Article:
By Jos Wortley
I was well enough to attend this year’s Theatre in Motion at the Rhodes Drama department. Sitting next to you Gary, watching a new theatre language unfold before me, I was challenged on so many levels. Memories of me dancing in those very special spaces and now watching new and exciting choreographers and dancers pushing their boundaries paralleled my ‘coming out’ as an artist once again. I have decided to pay tribute to you Gary in the form of a brief letter.
I wonder if you have any idea what kind of influence you had on this former student of yours. I was a classical dancer, schooled in the strict, formal, regimented Cecchetti method where dance was a science, precise and controlling. I didn’t have the best extension, or the most open turn out. I couldn’t do the splits or jeté the highest off the sprung dance floors. But I had a yearning to perform through dance. Classical training gave me technique, but I knew there was more to this thing we call dance. Martha Graham, the mother of modern dance said that “Great dancers are not great because of their technique, they are great because of their passion.”
When I arrived at Rhodes as a first year, a wide eyed incredibly naïve young performer in 1983, little did I know that my life was about to change. I entered the world of contemporary dance and Gary Gordon. Composed balance lines gave way to off-centres, throwing the body weight around, off beats, banging and stamping, leaping and falling, gliding and stabbing. Suddenly my world of dance came from emotion and from places uneasy, dancing with a purpose and of true expression.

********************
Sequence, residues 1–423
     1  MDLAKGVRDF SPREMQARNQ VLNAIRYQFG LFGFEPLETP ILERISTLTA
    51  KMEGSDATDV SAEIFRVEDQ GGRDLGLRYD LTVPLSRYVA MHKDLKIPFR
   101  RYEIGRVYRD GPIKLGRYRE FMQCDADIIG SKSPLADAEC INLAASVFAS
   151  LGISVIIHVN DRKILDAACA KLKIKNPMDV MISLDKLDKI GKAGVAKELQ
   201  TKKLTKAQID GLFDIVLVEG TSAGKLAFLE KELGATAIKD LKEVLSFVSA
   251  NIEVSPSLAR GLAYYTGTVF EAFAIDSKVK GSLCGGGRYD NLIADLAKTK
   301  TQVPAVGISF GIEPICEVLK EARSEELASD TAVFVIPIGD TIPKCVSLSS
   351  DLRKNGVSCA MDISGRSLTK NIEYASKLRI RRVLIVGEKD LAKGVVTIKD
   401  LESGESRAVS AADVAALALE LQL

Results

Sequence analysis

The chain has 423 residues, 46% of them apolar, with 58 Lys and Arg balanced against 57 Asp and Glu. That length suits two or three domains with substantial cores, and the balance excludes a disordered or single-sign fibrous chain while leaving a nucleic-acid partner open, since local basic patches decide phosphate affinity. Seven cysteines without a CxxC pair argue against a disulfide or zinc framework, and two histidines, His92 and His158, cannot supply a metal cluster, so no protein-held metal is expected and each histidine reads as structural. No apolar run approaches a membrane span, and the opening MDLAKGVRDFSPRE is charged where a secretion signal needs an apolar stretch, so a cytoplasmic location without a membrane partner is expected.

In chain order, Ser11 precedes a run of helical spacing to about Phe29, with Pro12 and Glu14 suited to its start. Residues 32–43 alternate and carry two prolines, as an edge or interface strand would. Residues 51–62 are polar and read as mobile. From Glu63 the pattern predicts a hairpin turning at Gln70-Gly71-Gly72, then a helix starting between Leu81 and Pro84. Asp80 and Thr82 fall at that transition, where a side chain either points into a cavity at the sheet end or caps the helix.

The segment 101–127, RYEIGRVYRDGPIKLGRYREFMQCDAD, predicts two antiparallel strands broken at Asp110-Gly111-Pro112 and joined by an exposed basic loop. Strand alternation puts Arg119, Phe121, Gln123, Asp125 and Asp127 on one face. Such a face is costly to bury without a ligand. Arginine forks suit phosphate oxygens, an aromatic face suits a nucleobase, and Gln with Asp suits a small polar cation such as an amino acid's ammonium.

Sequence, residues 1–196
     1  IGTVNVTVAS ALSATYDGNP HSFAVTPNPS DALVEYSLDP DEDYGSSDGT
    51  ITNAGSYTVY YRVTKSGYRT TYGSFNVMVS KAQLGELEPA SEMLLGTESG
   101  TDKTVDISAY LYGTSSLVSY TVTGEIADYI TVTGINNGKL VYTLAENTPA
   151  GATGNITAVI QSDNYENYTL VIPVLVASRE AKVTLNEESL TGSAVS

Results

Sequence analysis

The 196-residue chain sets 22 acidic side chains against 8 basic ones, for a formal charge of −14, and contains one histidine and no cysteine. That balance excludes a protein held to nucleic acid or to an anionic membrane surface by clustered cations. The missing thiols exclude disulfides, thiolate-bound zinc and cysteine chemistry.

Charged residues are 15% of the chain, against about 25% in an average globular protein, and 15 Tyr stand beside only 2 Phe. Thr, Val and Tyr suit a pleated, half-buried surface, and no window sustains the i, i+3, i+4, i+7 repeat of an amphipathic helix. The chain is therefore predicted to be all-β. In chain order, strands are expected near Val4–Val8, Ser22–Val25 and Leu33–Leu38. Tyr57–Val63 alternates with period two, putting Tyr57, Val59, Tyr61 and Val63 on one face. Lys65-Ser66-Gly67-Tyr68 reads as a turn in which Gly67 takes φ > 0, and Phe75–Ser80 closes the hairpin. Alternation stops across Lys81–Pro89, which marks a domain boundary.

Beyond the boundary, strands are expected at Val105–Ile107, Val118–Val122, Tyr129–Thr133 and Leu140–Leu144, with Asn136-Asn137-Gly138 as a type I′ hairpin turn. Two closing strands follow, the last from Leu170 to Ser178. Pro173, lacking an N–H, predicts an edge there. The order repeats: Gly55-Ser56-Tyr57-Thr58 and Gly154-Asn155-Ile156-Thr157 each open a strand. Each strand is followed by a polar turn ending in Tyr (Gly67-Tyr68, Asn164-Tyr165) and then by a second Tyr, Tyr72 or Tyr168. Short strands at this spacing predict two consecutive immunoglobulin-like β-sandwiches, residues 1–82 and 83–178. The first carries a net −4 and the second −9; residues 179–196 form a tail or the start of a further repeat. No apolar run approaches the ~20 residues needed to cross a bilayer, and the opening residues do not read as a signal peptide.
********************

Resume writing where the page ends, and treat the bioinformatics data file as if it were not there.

I found this space challenging, always exhilarating, and strangely comfortable. To be comfortable in discomfort is only achieved in a space of trust and security. You created this safe place for the performer. You, Gary, pushed your students, not only to be the best physical dancers but to be dancers of integrity. We had to know where the performance was coming from and where it was going. Your eye for line, composition, rhythm, and staging pushed me to start thinking of dance as not just a form of moving my body. But it made me bring Life with all its complicated, jumbled emotions, into every performance. Dance became movement and movement became dance.
You also collaborated with your students, willing them to become a part of the total process of a dance production. You had an energy I so admired. An energy that I would carry with me long after I stopped dancing. So, what do I mean by this ‘energy’ for it is truly a remarkable thing. It is the total commitment to the present moment. This energy brings with it the inquisition of all that surrounds us. It is about keeping our eyes open to this life. This energy you imparted forced me to see, to hear, to feel and to be.
It gave me now. You placed me in my present. My now. And this is why, 34 years later, I have come back to you, strangely at a time that finds you retiring from Rhodes University, to say thank you.
Thank you for making me present. Thank you, for as I was so often on my couch, ailing this disease, I was repeatedly reminded of your energy, and it pulled me into the moment of the now to create this exhibition, MOVE.
I dedicate my very first exhibition to you, Professor Gary Gordon.